Systematic evaluation of chromosome conformation capture assays.

   September 7th, 2021 at 8:40am



Chromosome conformation capture (3C) assays are used to map chromatin interactions genome-wide. Chromatin interaction maps provide insights into the spatial organization of chromosomes and the mechanisms by which they fold. Hi-C and Micro-C are widely used 3C protocols that differ in key experimental parameters including cross-linking chemistry and chromatin fragmentation strategy. To understand how the choice of experimental protocol determines the ability to detect and quantify aspects of chromosome folding we have performed a systematic evaluation of 3C experimental parameters. We identified optimal protocol variants for either loop or compartment detection, optimizing fragment size and cross-linking chemistry. We used this knowledge to develop a greatly improved Hi-C protocol (Hi-C 3.0) that can detect both loops and compartments relatively effectively. In addition to providing benchmarked protocols, this work produced ultra-deep chromatin interaction maps using Micro-C, conventional Hi-C and Hi-C 3.0 for key cell lines used by the 4D Nucleome project.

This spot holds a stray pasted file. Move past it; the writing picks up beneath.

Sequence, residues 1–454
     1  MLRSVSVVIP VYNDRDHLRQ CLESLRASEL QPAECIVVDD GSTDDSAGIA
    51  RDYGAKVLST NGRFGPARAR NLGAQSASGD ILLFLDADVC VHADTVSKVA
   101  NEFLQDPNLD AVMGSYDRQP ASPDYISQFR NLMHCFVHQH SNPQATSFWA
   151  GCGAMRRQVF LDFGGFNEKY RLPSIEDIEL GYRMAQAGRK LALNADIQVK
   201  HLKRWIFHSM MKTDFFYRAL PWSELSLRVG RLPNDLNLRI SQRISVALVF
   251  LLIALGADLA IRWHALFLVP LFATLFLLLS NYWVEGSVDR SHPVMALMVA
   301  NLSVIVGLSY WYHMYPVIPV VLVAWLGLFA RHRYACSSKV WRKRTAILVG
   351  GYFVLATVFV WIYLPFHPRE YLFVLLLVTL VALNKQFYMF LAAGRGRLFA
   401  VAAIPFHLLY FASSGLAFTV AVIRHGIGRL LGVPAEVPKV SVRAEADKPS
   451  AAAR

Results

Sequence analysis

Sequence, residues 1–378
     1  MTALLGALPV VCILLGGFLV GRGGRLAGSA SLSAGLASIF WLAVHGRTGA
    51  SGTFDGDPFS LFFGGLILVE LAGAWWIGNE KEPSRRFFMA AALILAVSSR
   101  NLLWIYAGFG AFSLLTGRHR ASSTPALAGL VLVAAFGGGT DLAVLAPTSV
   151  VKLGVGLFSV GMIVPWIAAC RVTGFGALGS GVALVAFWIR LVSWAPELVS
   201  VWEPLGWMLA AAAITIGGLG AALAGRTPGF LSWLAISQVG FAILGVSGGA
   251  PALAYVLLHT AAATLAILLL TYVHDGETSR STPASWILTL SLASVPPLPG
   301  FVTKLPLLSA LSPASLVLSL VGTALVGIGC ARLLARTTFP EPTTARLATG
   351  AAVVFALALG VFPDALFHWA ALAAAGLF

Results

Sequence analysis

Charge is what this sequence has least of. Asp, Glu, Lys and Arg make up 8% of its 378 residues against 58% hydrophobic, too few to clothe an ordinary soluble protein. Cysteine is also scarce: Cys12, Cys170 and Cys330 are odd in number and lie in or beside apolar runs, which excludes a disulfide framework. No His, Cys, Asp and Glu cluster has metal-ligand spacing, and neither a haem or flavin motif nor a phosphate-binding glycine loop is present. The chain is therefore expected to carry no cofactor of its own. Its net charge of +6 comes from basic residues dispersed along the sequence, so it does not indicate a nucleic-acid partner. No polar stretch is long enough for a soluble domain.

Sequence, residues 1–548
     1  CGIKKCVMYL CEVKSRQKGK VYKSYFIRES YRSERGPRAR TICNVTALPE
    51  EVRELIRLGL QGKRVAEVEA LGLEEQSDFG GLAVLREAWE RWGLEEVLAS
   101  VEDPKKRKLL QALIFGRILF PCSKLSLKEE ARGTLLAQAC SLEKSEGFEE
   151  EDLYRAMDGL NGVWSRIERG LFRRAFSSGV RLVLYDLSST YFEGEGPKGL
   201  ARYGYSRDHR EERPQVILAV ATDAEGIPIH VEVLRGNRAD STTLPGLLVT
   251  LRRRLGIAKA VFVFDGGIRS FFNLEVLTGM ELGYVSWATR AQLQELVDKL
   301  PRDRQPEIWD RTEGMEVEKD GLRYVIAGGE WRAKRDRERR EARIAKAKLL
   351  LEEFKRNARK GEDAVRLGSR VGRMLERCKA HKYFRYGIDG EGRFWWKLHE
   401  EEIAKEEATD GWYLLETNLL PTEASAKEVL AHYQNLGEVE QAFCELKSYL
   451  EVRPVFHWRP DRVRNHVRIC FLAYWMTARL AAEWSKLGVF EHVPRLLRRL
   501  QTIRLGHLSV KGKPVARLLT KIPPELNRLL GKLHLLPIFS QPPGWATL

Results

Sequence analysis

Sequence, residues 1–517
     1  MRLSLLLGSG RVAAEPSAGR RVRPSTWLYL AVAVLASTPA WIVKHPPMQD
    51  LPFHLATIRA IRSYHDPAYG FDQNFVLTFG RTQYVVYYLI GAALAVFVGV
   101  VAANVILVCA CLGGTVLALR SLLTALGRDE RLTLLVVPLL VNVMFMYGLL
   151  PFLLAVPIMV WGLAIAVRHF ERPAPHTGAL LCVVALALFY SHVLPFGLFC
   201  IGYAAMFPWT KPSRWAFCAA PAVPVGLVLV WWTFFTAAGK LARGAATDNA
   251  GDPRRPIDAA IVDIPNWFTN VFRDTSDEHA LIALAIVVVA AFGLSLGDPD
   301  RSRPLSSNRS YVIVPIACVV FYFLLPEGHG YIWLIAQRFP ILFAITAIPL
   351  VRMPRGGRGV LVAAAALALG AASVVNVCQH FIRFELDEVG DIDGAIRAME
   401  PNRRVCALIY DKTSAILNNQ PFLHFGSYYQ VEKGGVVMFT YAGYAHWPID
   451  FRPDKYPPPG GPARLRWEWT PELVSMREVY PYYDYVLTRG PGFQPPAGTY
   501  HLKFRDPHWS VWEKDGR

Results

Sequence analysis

Akgol Oksuz B  •  Yang L  •  Abraham S  •  Venev SV  •  Krietenstein N  •  Parsi KM  •  Ozadam H  •  Oomen ME  •  Nand A  •  Mao H  •  Genga RMJ  •  Maehr R  •  Rando OJ  •  Mirny LA  •  Gibcus JH  •  Dekker J



Nature methods



September 2021

Data re-use

All experimental conditions investigated are reported here for documentation purposes. Users interested in using Hi-C or Micro-C data from this project for alternative analyses are advised to use only datasets generated with the optimal cross-linking conditions of 1% Formaldehyde + 3mM DSG. Other datasets may be obtained with non-optimal cross-linking conditions (as demonstrated in the paper). The authors further advise users to carefully select digestion enzymes and library size to fit their needs.

Datasets from optimized protocols at high sequencing depth  

For deeply sequenced data, the study authors recommend the following datasets for in situ Hi-C 3.0 (with cross-linking 1% Formaldehyde and 3mM DSG, enzymes DpnII and DdeI) and Micro-C (with cross-linking 1% Formaldehyde and 3mM DSG):


Other datasets with optimal cross-linking  

For other conditions with optimal cross-linking (1% Formaldehyde and 3mM DSG), the study authors advise the following datasets (note that most have lower sequencing depth):

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